1. Mobile Malware Hidden in Apps

It’s not easy at first glance to tell the difference between a legitimate free app and one that has malware hidden inside.

Scammers will use the same types of flashy graphics, and the app may even have a high star rating (most likely boosted through suspicious means). The app may even do what it says it will do when downloaded.

But malware can be hidden in the background, infecting a device as soon as the app is installed. And many of these apps will hide once on your phone or tablet by using the icon of a common default system app (like settings or calendar).

Mobile malware can include all the same types of malware that can infect a computer, such as ransomware, adware, spyware, trojans, and more.

2. Unprotected Communications

Have you ever sent someone a password or credit card details over a text message or messaging app? Did you check to see if the communication was encrypted?

Many users will use various methods of communication from their mobile devices without knowing how secure those methods are. If sensitive information is transmitted and it’s not encrypted, then a hacker could easily intercept it.

3. Public Wi-Fi and Man-In-The-Middle Attacks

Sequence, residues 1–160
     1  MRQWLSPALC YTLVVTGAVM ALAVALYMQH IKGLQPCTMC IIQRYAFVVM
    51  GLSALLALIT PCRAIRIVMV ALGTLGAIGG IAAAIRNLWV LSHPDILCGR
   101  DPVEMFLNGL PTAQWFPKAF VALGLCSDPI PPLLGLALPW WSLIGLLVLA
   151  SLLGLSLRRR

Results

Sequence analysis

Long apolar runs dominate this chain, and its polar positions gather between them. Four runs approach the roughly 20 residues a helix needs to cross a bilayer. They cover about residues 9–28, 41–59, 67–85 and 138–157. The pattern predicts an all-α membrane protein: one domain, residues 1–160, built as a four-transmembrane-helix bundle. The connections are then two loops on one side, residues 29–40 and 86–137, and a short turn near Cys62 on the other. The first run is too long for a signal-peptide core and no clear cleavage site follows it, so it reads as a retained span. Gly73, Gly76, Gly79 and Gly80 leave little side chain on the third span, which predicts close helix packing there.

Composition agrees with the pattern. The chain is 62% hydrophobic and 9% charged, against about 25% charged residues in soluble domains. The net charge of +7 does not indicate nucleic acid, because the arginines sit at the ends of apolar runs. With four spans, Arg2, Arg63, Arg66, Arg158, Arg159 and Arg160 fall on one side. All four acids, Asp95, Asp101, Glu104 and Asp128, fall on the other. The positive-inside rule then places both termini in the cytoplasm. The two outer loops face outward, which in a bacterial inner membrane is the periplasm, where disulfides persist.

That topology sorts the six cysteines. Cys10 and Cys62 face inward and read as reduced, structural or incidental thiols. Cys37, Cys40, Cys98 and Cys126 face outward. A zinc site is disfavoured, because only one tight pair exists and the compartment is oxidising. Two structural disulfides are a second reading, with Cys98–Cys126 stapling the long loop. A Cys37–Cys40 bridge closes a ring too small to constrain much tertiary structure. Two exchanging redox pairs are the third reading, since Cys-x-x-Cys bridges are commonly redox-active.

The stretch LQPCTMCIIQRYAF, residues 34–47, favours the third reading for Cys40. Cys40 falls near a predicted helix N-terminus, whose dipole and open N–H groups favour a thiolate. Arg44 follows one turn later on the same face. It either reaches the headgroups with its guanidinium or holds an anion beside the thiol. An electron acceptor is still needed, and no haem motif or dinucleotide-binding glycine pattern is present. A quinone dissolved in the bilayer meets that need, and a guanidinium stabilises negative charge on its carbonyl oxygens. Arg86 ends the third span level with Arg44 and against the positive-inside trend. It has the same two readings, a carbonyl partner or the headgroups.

Public Wi-Fi has long been known to be non-secure, yet people still use it when it’s available. They want to save their mobile minutes or get a faster connection.

75% of people admit to connecting to email when on public Wi-Fi. Other activities people will do is sign into apps (even sensitive ones like online banking), and shop online, entering credit card details.

If you’re on public Wi-Fi, then you’re at high risk of a man-in-the-middle attack. This is when a hacker connects to the same network and looks for victims with unprotected communications. They can then capture any type of data they’re transmitting.

One way to safely connect to public Wi-Fi is to use a VPN app, which will encrypt your communications.

4. Juice Jacking on Public USB Charging Stations

Another public mobile breach danger is public USB charging stations. These are often welcome sights especially if you’re low on battery power. However, hackers can infect public USB charging ports with malware and set up fake charging stations in public areas.